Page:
2) See if it has to do with general speaker placement.

3) If the above don't seem to do the trick, then return them for a refund while you still can.

4) Oops! Can't return them for a refund? Sell them, take the loss, and next time don't wait so long.

Unless the receiver was so woefully inadequate to drive them, then betting that another receiver is going to do the trick is not one with favorable odds. Its like trying to fix the Leaning Tower of Pisa by tilting the ground.

#11 of 41 Tom_Mack

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Posted November 17 2004 - 01:52 AM

I have tried many different receivers with my same speakers (and the speakers in the same position) and the sound is quite different receiver to receiver.

I wouldn't go as far as to define one receiver as "bright" and another as "warm", but I could definately say that one receiver was "brighter" or "warmer/darker" than another.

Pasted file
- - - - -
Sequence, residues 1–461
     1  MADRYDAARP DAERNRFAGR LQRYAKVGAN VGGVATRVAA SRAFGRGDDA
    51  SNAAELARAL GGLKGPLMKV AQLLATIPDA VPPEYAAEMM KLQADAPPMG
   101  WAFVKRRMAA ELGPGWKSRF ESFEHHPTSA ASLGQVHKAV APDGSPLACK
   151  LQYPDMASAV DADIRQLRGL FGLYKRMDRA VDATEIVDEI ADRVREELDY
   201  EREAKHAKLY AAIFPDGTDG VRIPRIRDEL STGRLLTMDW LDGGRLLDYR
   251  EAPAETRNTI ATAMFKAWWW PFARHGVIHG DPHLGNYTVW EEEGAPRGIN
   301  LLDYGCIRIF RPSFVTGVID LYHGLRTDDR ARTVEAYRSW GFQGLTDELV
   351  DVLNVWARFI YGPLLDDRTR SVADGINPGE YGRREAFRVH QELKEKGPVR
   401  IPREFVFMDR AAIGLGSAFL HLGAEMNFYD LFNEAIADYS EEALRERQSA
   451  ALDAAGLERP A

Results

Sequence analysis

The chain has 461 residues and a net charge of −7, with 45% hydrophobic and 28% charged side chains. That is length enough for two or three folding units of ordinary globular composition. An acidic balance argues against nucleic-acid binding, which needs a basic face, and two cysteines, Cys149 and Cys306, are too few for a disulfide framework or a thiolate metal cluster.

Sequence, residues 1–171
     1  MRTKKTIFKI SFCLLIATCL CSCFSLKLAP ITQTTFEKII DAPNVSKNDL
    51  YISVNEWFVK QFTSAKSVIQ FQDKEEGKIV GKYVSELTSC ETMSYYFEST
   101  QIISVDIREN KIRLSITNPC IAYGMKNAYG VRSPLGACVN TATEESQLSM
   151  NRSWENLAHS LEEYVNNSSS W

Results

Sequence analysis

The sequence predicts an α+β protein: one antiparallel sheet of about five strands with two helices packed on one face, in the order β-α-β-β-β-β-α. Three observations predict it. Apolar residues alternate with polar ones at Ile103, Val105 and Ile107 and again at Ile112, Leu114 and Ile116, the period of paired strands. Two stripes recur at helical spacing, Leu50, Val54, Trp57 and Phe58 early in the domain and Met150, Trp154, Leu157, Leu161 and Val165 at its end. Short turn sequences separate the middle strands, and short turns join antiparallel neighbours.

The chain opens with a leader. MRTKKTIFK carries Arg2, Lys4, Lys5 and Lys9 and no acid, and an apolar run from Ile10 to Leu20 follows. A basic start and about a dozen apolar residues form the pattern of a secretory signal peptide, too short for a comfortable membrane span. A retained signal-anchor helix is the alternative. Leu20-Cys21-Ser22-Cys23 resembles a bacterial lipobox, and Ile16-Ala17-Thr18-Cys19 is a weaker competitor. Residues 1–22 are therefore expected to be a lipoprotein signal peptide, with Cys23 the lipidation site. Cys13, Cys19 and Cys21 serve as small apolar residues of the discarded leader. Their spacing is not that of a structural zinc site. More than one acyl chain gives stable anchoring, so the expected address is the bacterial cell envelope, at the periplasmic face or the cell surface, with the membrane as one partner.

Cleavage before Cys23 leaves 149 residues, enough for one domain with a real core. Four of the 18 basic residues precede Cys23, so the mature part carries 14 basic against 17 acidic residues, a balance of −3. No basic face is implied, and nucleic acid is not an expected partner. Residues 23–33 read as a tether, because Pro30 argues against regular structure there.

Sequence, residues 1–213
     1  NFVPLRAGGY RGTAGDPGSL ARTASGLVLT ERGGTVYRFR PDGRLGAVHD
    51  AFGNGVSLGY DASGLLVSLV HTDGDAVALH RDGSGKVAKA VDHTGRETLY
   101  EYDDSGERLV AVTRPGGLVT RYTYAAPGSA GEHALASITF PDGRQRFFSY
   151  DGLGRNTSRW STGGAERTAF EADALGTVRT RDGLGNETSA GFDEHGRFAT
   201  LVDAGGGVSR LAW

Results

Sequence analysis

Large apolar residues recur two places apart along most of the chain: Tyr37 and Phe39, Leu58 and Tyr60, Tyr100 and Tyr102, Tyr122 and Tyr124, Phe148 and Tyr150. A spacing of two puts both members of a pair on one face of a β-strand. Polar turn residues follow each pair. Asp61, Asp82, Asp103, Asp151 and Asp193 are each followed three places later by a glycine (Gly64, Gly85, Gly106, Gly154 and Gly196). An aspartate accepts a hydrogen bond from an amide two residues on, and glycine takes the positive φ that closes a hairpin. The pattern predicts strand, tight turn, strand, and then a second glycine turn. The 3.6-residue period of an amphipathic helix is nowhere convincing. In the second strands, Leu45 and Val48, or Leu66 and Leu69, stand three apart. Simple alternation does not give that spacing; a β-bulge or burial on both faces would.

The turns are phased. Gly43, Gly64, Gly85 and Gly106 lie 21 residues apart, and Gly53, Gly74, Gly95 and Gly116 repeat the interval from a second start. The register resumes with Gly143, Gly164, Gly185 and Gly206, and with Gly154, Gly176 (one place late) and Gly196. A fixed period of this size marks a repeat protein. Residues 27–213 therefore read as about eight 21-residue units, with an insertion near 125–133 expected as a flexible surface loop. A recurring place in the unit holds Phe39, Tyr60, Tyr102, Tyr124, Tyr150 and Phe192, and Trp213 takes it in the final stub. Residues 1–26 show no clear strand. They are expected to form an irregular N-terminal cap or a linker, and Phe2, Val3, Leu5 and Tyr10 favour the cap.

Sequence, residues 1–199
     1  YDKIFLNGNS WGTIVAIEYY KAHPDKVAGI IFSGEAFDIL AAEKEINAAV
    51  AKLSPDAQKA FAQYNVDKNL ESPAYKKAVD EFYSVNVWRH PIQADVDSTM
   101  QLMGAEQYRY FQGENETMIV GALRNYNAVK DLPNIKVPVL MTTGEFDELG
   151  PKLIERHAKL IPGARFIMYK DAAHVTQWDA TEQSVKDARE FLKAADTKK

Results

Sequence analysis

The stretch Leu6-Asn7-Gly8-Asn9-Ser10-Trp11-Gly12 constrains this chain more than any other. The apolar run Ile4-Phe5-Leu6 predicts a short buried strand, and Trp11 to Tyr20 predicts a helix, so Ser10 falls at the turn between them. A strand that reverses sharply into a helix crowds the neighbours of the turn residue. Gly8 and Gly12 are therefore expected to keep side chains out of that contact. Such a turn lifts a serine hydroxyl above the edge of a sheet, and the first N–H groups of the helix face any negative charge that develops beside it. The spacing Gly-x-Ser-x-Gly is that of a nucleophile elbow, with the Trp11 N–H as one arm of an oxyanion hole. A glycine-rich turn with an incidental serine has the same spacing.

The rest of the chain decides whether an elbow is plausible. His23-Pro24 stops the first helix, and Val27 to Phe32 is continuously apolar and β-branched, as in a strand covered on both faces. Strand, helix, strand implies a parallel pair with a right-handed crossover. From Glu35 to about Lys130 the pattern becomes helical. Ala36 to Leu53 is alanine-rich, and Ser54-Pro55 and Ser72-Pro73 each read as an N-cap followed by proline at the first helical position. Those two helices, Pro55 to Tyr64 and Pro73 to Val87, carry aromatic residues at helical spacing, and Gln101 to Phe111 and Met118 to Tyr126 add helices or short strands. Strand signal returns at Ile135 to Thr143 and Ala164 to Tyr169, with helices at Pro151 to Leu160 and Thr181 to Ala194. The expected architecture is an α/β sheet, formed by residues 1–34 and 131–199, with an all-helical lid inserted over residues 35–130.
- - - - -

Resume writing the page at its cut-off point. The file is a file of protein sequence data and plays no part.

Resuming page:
I have Paradigm Monitor series speakers and by playing the same CD using the same CD player using the same cables and the speakers in the same positions using "direct/pure direct" mode, I had the following results:

Brighter receivers: Integra 7.1, Yamaha 2400, Yamaha 596
Neutral receivers: Denon 3805, Marantz 8200
Warmer receiver: H/K 525(?), Denon 3802

For my situation, the Integra 7.1 and Yamaha 2400 were extreamely fatiguing. I had headaches every day fro listening.

The H/K 525 and Denon 3802 sounded boring and dull to me when watching movies, but not bad for music.

The Marantz and Denon 3805 were the most neutral and pleasing to listen to in all situations. Just enough upper end without any harshness. No headaches.

I would be very surprised if you had played say an Interga/onkyo and an H/K using the same speakers and noticed no difference.

#12 of 41 Nathan Stohler

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Posted November 17 2004 - 03:54 AM

I think I've drawn my own conclusion on this. I won't dispute someone's ability to differentiate between two receivers, but that's just not enough to sway my decision on what receiver to buy.

To me, the variance in frequency response of your speakers will almost always make your receiver's FR look negligble.

In other words, if you care enough about your system's FR, you will have already EQ'ed your system, in which case your receiver's "brightness" or "warmth" has already been compensated for.

--Nathan

#13 of 41 Tim O...

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Posted November 22 2004 - 03:26 AM